NVIDIA has officially launched its latest GPU, the GTX 680, which is based on an all-new graphics chip architecture codenamed Kepler.
Built on a 28nm process, the GTX 680 has 1,536 CUDA cores (CUDA is nVidia's parallel computing architecture) and runs at a base clock of 1,006MHz.
It also has 2GB of 256-bit GDDR5 memory and works on the PCI Express 3.0 interface.
The GTX 680 has improved PhysX support and next-generation anti-aliasing features that result in more complex high-density DirectX 11 tessellations and smoother edges, the company said.
While nVidia claims up to 40% performance increase over its nearest competitor, the company has managed to produce a card which draws 30% less power and is 52% quieter.
This is achieved not only from the 28nm process, but also thanks to a new design which reduces the amount of control logic (the part which handles the data traffic) in each cluster of stream processors (which handle the actual computation).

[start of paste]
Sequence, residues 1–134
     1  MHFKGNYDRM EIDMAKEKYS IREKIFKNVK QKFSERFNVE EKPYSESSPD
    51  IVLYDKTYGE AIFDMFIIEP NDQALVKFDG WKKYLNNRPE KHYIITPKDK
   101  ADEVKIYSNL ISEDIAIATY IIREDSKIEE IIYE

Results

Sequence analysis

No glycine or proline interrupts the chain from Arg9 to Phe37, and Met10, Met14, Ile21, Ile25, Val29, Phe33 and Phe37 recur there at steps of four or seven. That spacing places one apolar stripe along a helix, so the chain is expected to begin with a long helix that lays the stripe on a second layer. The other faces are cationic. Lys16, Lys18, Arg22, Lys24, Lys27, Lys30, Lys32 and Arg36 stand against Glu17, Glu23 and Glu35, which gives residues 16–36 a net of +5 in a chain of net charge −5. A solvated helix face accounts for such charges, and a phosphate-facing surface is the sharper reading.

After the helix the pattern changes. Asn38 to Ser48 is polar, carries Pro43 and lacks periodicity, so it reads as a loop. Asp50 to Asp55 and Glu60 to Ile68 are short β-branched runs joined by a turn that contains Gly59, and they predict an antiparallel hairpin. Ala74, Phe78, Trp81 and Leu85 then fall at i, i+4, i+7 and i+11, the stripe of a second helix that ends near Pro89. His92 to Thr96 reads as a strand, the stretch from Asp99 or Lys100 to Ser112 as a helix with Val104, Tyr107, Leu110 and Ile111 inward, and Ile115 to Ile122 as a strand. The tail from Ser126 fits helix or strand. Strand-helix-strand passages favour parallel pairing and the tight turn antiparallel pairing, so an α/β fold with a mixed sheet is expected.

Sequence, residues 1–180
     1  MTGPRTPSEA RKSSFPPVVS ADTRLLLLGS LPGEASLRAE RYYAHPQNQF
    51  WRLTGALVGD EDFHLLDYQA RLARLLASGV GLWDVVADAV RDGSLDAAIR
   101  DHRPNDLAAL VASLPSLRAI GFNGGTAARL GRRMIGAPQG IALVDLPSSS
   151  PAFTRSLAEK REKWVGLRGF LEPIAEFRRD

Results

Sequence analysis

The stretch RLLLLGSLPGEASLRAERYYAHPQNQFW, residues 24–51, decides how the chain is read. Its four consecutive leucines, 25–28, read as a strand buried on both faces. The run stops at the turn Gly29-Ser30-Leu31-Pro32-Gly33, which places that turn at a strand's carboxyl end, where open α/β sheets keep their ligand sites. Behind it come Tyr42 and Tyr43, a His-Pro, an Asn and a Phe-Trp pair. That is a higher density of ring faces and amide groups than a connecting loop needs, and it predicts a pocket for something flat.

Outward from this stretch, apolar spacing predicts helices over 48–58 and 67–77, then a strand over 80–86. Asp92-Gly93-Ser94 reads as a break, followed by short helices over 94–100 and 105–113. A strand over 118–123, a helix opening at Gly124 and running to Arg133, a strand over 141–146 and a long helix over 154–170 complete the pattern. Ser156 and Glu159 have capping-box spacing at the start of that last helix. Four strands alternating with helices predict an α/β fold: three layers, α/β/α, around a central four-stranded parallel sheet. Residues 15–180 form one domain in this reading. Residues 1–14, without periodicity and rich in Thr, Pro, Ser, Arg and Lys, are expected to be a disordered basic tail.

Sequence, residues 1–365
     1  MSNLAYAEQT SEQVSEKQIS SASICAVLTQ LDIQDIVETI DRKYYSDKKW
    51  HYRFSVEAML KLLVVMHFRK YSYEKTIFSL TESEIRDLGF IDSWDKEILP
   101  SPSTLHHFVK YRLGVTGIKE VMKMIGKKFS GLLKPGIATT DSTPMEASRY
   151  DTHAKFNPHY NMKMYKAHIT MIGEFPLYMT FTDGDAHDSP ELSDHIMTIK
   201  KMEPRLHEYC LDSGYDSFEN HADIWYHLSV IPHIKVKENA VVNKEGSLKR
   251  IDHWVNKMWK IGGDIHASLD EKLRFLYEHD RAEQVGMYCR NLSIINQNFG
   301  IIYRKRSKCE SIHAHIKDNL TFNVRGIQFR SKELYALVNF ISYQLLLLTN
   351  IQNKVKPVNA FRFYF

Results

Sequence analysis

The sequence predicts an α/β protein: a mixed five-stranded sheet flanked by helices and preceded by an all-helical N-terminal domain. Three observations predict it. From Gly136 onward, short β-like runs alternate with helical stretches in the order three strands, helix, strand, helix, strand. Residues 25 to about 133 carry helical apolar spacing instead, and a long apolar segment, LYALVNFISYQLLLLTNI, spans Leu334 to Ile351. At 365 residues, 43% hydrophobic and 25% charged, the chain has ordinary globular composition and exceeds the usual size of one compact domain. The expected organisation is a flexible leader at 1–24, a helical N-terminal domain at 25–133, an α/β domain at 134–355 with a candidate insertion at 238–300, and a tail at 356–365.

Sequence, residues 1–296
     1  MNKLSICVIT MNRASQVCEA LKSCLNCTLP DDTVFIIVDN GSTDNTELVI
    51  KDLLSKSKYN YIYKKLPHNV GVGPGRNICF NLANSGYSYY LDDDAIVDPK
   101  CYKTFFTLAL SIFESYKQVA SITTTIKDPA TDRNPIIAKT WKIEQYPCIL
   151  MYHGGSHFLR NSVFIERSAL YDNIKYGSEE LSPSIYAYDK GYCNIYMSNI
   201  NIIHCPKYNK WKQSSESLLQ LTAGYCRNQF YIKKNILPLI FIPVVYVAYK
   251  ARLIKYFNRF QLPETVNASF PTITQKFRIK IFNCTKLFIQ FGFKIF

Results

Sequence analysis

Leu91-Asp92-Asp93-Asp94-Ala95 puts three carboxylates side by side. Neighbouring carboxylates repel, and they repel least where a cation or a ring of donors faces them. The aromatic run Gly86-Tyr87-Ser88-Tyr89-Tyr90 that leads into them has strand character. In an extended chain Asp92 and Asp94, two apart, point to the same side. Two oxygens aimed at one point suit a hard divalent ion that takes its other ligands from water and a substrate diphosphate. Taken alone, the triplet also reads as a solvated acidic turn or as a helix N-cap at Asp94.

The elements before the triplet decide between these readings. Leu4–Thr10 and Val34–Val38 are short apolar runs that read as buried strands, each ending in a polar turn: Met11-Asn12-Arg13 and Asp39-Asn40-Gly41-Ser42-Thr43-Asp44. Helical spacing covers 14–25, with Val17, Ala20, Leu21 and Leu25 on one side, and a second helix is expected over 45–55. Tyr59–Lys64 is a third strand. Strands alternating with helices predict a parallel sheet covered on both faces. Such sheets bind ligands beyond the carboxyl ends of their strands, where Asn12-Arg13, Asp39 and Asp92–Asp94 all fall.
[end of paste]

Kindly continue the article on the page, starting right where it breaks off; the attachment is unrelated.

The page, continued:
Reducing the amount of control logic also greatly reduces power consumption.
The GTX 680 also has a feature similar to Turbo Boost in Intel CPUs, i.e. the GPU is able to dynamically increase its clock speed for better performance depending on need and power consumption at any given time.
In fact, the GTX 680 is so power efficient that it runs at a TDP (thermal design power) of only 195W, and the reference board design only requires two six-pin PCIe power plugs instead of the eight-pin and six-pin combination of most modern high-end graphics cards.
The GTX 680 is available now from various nVidia hardware partners, such as Asus, Palit, and Gigabyte.